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Profile: Christian Coons (Bowling Green State University)
  1. Christian Coons (2011). How to Prove That Some Acts Are Wrong (Without Using Substantive Moral Premises). Philosophical Studies 155 (1):83–98.
    I first argue that there are many true claims of the form: x-ing would be morally required, if anything is. I then explain why the following conditional-type is true: If x-ing would be morally required, if anything is, then x-ing is actually morally required. These results allow us to construct valid proofs for the existence of some substantive moral facts—proofs that some particular acts really are morally required. Most importantly, none of my argumentation presupposes any substantive moral claim; I use (...)
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  2. Christian Coons & Michael Weber (eds.) (2013). Paternalism: Theory and Practice. Cambridge University Press.
    Is it allowable for your government, or anyone else, to influence or coerce you 'for your own sake'? This is a question about paternalism, or interference with a person's liberty or autonomy with the intention of promoting their good or averting harm, which has created considerable controversy at least since John Stuart Mill's On Liberty. Mill famously decried paternalism of any kind, whether carried out by private individuals or the state. In this volume of new essays, leading moral, political and (...)
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  3. Christian Coons (forthcoming). The Best Expression of Welfarism. In Mark C. Timmons (ed.), Oxford Studies in Normative Ethics. Oxford University Press
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    Christian Coons (2014). Hope for Fools: Four Proposals for Meeting Temkin's Challenge. Analysis 74 (2):292-306.
  5. Christian Coons & Noah Levin (2011). The Dead Donor Rule, Voluntary Active Euthanasia, and Capital Punishment. Bioethics 25 (5):236-243.
    We argue that the dead donor rule, which states that multiple vital organs should only be taken from dead patients, is justified neither in principle nor in practice. We use a thought experiment and a guiding assumption in the literature about the justification of moral principles to undermine the theoretical justification for the rule. We then offer two real world analogues to this thought experiment, voluntary active euthanasia and capital punishment, and argue that the moral permissibility of terminating any patient (...)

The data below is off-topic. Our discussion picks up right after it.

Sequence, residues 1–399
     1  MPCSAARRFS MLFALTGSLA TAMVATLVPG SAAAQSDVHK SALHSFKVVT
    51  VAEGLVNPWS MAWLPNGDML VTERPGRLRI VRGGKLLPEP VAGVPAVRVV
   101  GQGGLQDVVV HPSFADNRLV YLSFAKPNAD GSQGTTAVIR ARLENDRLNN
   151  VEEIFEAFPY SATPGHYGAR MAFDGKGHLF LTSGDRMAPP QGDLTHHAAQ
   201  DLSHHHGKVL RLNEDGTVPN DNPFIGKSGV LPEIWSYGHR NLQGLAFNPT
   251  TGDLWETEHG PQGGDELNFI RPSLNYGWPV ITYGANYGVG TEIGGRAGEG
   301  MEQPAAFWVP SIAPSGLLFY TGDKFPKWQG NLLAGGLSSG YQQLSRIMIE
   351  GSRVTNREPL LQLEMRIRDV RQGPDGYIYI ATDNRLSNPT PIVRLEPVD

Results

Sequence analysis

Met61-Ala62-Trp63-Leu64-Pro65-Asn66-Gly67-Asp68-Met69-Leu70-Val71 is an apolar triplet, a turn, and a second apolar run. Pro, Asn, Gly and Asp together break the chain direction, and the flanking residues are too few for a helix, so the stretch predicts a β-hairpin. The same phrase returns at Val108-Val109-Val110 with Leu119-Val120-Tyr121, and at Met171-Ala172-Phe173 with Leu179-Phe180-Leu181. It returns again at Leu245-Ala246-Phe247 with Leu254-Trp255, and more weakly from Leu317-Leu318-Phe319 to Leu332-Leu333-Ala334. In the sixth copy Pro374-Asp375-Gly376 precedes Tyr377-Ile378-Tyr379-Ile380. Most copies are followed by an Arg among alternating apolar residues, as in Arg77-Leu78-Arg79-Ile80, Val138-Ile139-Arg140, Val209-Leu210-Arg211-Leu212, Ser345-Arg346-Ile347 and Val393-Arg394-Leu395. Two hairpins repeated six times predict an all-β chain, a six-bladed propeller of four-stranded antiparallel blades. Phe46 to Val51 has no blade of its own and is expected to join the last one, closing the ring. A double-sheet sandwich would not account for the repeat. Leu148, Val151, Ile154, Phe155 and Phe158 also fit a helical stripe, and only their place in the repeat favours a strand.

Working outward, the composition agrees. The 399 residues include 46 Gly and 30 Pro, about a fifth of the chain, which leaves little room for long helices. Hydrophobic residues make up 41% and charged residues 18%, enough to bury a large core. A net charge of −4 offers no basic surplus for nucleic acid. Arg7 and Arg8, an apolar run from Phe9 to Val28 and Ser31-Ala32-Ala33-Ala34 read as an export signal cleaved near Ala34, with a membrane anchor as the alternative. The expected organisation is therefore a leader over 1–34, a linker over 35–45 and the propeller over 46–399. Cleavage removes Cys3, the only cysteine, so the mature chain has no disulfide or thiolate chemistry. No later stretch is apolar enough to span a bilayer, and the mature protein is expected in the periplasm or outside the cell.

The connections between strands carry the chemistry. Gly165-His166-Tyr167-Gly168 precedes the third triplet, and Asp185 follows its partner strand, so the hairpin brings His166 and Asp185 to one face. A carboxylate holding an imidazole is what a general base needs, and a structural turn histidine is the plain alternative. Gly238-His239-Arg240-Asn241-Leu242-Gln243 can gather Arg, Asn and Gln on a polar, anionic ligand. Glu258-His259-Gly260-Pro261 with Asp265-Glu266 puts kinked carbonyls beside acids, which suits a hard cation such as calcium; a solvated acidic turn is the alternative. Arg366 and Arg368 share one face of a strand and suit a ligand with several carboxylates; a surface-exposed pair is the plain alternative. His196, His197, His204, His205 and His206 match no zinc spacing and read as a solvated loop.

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  6. Christian Coons & David Faraci (2010). First-Personal Authority and the Normativity of Rationality. Philosophia 38 (4):733-740.
    In “Vindicating the Normativity of Rationality,” Nicholas Southwood proposes that rational requirements are best understood as demands of one’s “first-personal standpoint.” Southwood argues that this view can “explain the normativity or reason-giving force” of rationality by showing that they “are the kinds of thing that are, by their very nature, normative.” We argue that the proposal fails on three counts: First, we explain why demands of one’s first-personal standpoint cannot be both reason-giving and resemble requirements of rationality. Second, the proposal (...)
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  7.  33
    Christian Coons (2012). Toni Rønnow-Rasmussen, Personal Value. [REVIEW] Ethics 123 (1):183-188.
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    Christian Coons (2001). Wellman's “Reductive” Justifications for Redistributive Policies That Favor Compatriots. Ethics 111 (4):782-788.
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    Christian Coons & Michael Weber (eds.) (2014). Manipulation: Theory and Practice. OUP Usa.
    A great deal of scholarly attention has been paid to coercion. Less attention has been paid to what might be a more pervasive form of influence: manipulation. The essays in this volume address this relative imbalance by focusing on manipulation, examining its nature, moral status, and its significance in personal and social life.
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  10. Christian Coons & Michael Weber (eds.) (2014). Manipulation: Theory and Practice. Oxford University Press Usa.
    In all groups -- from couples to nation-states -- people influence one another. Much of this influence is benign, for example giving advice to friends or serving as role models for our children and students. Some forms of influence, however, are clearly morally suspect, such as threats of violence and blackmail. A great deal of attention has been paid to one form of morally suspect influence, namely coercion. Less attention has been paid to what might be a more pervasive form (...)
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